Closing the Taft Youth Development Center in Pikeville, Tenn., was probably a done deal the moment the Haslam administration cut funds for its continued operation in the proposed budget. A reasoned case for keeping the center open or political pressure to do so has failed to reverse the decision. It's the latest in what increasingly appears to be the administration's callous disregard for residents of Chattanooga and Southeast Tennessee.
That was made clear Tuesday when Finance Commissioner Mark Emkes said the administration opposes a last-minute budget amendment by Rep. Cameron Sexton, R-Crossville, to provide $12 million to keep the Bledsoe County facility open. Emkes' statement is the death knell for Taft. Sexton says as much.
It will be "extremely difficult" to get the GOP-controlled legislature to support his amendment if the Republican governor opposes it. The administration, in fact, is so confident that Taft will be closed that inmates already are being moved to other facilities, though none has a history of dealing positively with the state's most hardened and violent young male criminals.
What's best for youth in trouble with the law but still of an age where rehabilitation is possible apparently did not factor into the decision to close Taft. What does matter is saving money. The administration claims it will save $8.5 million annually. The long-term costs, though, easily could exceed that.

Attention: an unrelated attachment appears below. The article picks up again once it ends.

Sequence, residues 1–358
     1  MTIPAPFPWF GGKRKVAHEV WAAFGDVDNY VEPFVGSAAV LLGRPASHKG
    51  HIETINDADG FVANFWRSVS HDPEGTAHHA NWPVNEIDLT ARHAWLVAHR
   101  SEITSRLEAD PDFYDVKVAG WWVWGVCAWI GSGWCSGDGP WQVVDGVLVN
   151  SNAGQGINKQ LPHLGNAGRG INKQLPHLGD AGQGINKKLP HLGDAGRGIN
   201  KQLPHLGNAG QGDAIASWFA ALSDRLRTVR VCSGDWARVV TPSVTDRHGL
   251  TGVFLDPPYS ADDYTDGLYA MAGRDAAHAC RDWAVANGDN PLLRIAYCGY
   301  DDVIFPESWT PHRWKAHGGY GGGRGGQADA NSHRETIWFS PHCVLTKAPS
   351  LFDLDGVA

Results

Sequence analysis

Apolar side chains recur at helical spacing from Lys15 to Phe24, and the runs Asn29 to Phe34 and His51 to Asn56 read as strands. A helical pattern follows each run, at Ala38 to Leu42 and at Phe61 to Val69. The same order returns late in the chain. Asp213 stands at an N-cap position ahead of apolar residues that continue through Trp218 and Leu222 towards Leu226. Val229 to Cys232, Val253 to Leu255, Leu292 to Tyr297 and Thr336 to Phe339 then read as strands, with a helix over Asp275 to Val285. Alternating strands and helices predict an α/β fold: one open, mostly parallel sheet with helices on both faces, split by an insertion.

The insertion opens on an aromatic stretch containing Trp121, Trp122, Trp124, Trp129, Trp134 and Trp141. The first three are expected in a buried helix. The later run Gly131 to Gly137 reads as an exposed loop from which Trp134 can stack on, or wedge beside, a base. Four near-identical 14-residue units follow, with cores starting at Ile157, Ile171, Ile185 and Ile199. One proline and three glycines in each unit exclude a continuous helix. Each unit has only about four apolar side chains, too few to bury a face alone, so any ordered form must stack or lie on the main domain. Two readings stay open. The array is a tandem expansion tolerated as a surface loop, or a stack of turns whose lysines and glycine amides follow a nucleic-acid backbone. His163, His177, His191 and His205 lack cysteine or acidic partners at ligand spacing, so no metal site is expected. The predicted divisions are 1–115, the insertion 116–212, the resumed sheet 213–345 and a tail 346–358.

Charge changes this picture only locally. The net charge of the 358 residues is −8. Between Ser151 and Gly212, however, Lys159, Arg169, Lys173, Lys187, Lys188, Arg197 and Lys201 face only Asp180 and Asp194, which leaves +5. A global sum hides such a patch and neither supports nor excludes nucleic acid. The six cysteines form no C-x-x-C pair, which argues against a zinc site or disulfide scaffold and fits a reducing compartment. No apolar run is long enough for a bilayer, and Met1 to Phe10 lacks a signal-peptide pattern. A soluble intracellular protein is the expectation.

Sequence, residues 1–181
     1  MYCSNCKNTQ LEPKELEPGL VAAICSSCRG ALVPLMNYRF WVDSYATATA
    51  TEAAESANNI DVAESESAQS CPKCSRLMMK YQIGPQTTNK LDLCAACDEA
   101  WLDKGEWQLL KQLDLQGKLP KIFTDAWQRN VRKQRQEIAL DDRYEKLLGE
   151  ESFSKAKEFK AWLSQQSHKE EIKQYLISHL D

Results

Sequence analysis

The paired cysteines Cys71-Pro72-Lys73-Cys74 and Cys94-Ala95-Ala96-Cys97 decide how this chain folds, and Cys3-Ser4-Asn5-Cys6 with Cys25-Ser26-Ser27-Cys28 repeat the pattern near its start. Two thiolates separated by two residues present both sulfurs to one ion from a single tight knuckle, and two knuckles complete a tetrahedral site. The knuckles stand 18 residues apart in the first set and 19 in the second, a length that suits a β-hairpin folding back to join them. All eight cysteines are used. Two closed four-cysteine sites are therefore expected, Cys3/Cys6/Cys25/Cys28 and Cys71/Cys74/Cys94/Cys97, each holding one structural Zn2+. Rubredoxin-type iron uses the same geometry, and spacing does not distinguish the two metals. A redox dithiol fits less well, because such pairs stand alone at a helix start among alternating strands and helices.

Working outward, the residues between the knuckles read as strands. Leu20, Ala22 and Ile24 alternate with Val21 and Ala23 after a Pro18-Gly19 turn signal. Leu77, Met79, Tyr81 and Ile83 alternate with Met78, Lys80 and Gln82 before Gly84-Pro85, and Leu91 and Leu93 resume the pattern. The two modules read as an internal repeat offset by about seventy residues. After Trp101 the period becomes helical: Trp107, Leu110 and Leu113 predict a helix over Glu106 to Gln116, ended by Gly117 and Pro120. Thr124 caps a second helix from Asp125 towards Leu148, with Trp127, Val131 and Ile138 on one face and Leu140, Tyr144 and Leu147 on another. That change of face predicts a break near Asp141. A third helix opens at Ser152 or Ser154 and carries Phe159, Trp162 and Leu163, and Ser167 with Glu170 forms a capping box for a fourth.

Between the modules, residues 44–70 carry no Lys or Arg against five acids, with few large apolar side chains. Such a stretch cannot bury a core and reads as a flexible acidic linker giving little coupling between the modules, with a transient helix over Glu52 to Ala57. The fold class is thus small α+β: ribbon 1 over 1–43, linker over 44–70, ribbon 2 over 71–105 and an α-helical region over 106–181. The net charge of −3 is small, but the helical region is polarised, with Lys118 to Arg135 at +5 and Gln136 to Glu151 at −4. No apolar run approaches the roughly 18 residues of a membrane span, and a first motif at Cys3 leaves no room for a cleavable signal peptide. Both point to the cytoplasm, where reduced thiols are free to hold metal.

Closing Taft means that Chattanooga area youth once assigned there now will be housed far from home. That will make visits from parents and others whose interaction is vital to the rehabilitative process more difficult and expensive. Juvenile court officials, social workers and others correctly worry that severing such ties to home will lead to higher recidivism rates. The state will pay for that in higher law enforcement and incarceration costs in the future. That doesn't seem to matter to the administration.
What it wants to do, it seems, is to punish Chattanooga and Southeast Tennessee. How else is there to explain the closure of Taft? Or the elimination of funding for the Chattanooga-based TEAM centers, which provided diagnostic and treatment services to individuals with intellectual disabilities. Or on-going cuts at Moccasin Bend Hospital. Or, perhaps most egregiously, the state's continued refusal to forward full payment of Basic Education Program (BEP) funds undeniably due Hamilton County's schools.
Haslam, a former mayor of Knoxville, should know how important the BEP education dollars are to schools, students, local government and the future of the state. He should know, too, that closing Taft and reducing or eliminating vital services used by the area's most vulnerable population is short-sighted and the antithesis of the highest calling of public service. Chattanooga area residents deserve better from the Haslam administration.